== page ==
Sister Carol Mallette, RSM

Sister Mary Clotilde

Dr. Leila Thomas

Arlene Lym, Class of 1979

Clovis McMorris (1946)

Fitzroy Harrack (Art Teacher)

Stevie Davidson, Class of 1975

Vilma Ashman, Class of 1975

Veronica Morrison, Class of 1975

Denise McLennon, Class of 1975

Sister Mary Bernadette Little, RSM, Principal

Sydney Reid, Vice Principal





Tribute to Fitzroy Harrack (1945-2013)

(Taken from The Jamaica Observer, January 13, 2013)

The following is a tribute from the National Gallery in honour of Harrack's life's work:

MASTER sculptor Fitzroy 'Fitz' Harrack passed away on January 10 and Life Tribute joins with his relatives and colleagues at the National Gallery of Jamaica in hailing this icon of the visual arts.

Born 1945, in St John's, Grenada, Fitzroy Harrack received his early artistic training in Grenada and then Trinidad before attending the Jamaica School of Art (later Edna Manley College for the Visual and Performing Arts) on a scholarship.

Upon his graduation, in 1969, Harrack settled in Jamaica and began exhibiting in group and solo shows at well-known venues such as the Bolivar Gallery and the Institute of Jamaica. He was a regular exhibitor at the National Gallery of Jamaica where he participated as an invited artist in the Annual National exhibition and subsequently, the National Biennial.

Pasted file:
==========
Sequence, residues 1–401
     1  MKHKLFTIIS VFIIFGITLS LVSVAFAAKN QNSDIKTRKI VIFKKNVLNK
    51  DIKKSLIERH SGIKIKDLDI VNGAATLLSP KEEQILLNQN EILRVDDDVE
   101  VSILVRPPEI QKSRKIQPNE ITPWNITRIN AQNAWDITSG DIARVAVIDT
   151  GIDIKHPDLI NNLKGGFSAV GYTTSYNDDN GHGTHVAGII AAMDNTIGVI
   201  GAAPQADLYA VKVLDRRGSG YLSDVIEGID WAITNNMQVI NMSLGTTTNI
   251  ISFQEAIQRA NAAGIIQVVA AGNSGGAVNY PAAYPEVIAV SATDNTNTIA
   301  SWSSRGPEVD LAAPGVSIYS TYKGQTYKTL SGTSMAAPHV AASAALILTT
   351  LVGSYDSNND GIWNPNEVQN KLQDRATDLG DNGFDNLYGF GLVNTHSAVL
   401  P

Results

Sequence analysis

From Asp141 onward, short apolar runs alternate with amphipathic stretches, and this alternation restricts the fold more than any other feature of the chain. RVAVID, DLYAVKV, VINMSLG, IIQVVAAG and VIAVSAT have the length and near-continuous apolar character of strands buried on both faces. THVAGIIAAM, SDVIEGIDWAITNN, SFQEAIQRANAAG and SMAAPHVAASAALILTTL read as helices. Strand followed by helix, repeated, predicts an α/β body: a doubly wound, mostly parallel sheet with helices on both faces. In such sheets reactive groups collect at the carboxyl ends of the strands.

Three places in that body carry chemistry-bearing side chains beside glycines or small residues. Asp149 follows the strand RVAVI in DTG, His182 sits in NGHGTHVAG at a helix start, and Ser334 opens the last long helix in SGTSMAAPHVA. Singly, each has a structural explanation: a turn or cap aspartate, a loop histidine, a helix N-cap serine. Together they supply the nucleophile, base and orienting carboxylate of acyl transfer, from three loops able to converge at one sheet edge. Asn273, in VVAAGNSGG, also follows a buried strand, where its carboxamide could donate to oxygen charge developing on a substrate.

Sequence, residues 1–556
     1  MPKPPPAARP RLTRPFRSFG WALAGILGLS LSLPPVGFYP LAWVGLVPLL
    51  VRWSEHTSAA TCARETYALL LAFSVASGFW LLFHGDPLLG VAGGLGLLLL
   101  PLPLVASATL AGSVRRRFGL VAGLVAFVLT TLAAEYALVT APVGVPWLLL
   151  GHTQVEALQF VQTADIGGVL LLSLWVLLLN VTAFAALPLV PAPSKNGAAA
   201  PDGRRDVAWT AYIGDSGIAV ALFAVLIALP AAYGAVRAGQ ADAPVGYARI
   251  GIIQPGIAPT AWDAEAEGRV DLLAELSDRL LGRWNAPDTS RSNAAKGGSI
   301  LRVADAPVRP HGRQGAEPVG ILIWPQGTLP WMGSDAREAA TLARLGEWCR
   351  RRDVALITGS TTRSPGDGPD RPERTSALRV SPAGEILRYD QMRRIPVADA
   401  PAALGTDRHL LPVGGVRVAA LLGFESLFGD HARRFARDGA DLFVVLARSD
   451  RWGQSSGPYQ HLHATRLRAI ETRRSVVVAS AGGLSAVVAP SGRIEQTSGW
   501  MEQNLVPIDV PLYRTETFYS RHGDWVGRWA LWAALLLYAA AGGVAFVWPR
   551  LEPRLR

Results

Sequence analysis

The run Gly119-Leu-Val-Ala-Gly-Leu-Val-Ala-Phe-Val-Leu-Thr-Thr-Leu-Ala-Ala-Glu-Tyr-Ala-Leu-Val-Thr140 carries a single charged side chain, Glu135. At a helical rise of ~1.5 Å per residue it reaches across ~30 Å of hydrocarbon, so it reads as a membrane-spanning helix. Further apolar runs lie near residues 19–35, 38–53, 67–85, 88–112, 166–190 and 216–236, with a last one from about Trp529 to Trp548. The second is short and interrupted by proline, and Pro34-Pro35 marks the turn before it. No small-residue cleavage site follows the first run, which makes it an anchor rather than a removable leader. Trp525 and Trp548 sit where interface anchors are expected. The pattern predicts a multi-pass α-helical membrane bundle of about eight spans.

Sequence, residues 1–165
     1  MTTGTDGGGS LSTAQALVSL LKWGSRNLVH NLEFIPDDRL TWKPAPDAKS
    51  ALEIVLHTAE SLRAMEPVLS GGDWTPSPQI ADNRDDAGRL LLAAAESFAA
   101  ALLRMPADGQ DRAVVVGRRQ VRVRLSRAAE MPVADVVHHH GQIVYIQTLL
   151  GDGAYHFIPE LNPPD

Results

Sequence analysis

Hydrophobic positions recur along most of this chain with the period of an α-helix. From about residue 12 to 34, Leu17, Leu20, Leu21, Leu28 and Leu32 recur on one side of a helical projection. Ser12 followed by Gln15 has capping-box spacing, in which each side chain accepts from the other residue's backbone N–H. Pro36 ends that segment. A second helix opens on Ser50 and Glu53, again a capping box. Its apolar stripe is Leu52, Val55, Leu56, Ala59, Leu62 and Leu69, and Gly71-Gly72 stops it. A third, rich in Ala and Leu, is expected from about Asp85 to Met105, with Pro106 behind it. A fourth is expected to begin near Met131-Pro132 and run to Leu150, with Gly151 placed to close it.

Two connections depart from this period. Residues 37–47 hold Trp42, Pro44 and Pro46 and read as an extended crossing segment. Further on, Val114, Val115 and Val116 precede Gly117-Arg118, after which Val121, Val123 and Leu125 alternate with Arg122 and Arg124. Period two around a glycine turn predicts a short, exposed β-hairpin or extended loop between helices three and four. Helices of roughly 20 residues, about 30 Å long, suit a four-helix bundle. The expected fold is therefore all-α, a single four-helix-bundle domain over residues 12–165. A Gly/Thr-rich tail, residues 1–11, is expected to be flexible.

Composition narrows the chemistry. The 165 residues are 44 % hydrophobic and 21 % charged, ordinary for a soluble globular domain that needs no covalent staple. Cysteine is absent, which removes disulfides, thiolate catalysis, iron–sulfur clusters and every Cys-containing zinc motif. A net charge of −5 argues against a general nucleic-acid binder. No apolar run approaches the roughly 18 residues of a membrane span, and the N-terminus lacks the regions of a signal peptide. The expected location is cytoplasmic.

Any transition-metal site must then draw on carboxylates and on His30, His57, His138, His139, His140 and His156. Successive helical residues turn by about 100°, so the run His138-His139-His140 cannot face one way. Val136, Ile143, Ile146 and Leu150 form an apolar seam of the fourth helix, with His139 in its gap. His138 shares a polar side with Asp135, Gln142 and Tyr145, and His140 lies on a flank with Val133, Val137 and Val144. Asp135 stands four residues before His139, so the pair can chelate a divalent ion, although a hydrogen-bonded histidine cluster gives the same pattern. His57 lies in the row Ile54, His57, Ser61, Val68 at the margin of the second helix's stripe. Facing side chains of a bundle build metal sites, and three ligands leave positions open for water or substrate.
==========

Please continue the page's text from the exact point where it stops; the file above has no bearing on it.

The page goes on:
Harrack was one of the artists selected for the prestigious Jamaican Art 1922-1982 Exhibition, a major survey of modern Jamaican art which was toured in the USA, Canada and Haiti 1983 to 1985 by the Smithsonian Institution Travelling Exhibition Service.

He most recently exhibited at the National Gallery in the 2008 National Biennial, to which he contributed a metal mask, and in the inaugural exhibition of the Guy McIntosh Donation, which included a major, untitled and undated abstract carving.